There was of course a little bit of drama. I wobbled down to Cardiff Central on my bike with one painting under my arm and another in my back pack, on my way to the Royal Academy. The reason there was a drama was because I decided this year to submit my work in a glass frame as the previous two years rejection had been un-glazed. Unfortunately I'd mixed up the dates for submissions and by the time I realised my mistake train tickets had long been bought, so I decided to just risk it. Plan B was to just take the glass out when I was there which I really didn't want to do, so I had that nagging worry.
The paintings did look good with the glass frames. As my paintings are quite visceral, the glass had the effect of tempering them a bit, it had the same effected as adding some yogurt to a spicey curry. In the case of the larger piece of work it meant that I had to cut it down, which actually made it punchier and it did make the both of them look more professional. In a cynical move to get my paintings into the Summer Exhibition I worked smaller this year with the painting in my back pack barely larger than a hand.
I always enjoy the experience of trotting up to the Royal Academy to submit work. I love the expectation on the faces of my fellow hopefuls; my chops probably look the same. I always make a point of walking through the arcade to the back entrance to drop off the paintings, walking through that arcade is like stepping back in time and it reeks of money! I thought my worry over the glass might temper the experience for me, but it didn't one bit.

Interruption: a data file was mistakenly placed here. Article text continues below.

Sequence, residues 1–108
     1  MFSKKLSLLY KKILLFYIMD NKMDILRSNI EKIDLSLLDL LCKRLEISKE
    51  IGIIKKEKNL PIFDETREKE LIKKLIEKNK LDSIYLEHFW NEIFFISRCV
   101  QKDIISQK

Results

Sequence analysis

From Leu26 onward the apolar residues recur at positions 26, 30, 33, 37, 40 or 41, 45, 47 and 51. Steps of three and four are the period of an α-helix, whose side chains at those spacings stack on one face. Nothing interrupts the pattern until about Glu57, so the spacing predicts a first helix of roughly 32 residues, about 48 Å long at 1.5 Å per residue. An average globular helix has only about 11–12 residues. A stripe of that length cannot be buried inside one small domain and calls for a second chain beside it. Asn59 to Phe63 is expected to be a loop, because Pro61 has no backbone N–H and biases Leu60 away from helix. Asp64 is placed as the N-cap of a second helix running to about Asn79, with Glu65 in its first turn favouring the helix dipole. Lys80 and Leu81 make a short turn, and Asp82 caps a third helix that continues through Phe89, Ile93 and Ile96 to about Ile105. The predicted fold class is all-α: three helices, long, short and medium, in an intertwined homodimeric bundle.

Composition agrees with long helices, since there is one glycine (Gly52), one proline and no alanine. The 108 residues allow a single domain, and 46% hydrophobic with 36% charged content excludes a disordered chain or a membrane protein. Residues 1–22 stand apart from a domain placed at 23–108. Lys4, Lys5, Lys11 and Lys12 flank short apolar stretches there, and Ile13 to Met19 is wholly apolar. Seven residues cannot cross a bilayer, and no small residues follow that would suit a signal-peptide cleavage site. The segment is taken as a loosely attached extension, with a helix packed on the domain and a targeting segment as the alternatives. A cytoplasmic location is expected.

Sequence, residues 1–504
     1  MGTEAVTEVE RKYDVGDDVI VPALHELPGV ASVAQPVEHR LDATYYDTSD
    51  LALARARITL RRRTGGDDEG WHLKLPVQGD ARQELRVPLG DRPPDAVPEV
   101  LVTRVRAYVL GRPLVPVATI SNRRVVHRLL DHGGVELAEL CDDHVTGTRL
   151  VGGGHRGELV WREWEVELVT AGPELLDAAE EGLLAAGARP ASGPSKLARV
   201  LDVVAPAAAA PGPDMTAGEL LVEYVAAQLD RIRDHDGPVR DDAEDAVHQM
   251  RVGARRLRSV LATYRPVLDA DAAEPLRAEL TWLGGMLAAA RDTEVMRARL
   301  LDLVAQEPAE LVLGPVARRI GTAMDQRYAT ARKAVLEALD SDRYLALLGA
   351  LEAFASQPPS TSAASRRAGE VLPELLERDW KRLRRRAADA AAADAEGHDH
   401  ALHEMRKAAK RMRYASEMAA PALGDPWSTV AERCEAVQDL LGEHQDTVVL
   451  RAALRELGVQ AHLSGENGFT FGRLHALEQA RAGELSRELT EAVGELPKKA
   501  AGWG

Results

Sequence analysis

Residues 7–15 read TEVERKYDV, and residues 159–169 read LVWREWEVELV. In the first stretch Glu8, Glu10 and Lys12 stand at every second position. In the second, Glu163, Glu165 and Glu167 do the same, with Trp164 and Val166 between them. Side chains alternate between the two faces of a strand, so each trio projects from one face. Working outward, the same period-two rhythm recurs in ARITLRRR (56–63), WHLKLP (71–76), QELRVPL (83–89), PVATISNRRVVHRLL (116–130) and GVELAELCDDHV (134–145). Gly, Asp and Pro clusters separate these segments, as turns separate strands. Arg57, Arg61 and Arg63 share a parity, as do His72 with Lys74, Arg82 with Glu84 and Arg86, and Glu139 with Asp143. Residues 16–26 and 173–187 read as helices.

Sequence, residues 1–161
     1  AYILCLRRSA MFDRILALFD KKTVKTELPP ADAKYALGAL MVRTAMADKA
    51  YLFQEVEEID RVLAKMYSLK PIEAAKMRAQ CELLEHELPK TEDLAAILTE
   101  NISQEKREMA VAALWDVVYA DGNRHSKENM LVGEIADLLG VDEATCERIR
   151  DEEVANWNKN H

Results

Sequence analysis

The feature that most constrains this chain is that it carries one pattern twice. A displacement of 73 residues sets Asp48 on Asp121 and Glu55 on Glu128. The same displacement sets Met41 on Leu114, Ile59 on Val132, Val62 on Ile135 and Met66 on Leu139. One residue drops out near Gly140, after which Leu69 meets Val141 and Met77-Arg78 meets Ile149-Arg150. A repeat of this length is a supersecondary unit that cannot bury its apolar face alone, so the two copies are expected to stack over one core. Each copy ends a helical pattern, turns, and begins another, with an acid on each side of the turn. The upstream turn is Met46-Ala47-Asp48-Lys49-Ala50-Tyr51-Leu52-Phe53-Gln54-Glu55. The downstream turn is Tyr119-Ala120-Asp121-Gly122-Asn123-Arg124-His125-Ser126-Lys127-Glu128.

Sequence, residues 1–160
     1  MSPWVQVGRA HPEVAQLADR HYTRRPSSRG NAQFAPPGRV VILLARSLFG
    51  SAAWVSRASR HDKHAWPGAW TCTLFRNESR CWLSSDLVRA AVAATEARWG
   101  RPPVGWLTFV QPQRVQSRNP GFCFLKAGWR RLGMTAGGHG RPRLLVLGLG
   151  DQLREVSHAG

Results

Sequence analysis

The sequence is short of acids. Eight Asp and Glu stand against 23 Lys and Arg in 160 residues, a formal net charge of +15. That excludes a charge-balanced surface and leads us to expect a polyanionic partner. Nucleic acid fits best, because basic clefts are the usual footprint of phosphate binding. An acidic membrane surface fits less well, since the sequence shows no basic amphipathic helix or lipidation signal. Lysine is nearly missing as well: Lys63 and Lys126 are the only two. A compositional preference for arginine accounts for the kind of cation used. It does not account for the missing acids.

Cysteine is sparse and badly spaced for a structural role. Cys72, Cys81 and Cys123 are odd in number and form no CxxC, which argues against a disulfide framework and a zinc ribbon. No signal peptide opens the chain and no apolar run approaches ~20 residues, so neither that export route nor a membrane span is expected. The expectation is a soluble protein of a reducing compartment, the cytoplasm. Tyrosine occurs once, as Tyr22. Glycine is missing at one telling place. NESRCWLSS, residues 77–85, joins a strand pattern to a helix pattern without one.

The word for the day for me was; Hipster. When I met up with a mate later everything from me seemed to Hipster this and Hipster that, oooo, look at that Hipster in the bobble hat! Maybe it's cause I hadn't been in London for a while. Still as I approached the entrance there was a Hipster in a bow tie with a huge canvas getting ready to be interviewed by the BBC, didn't seem bothered by me in my Captain America Beanie and NASA t-shirt. My rubbish plan to get the glazed work in was to act feckless – not a huge stretch – and mumble "Sorry, got the day wrong…" but as I joined the queue I thought "Fuck, that's not going to cut it." Every year I want to savour the experience of submitting the work, but it's always over in a flash and this year was no exception. I took the bubble wrap off the bigger work and took the smaller one out the Sainsburys carrier bag it was wrapped in. Nervously I approached the art handlers. They scanned the work, one looked quizzical, shit."Darren…Line?""No, Floyd, that's just my hand writing." and bish bash bosch they were on a trolley, the art handlers hadn't even looked at the paintings. I did take a look around at the other work then left, smiling at the queue as I left. Dropping the work off took a weight off my shoulders (and under my arm) and then "Here Comes your Man" by Pixies came on my Ispod. Larvely. Whistling "The Spanish Fly" I took a flyer for the rejection show and walked in the direction of "Foreboding Prices" to meet my mate and look at shinny things.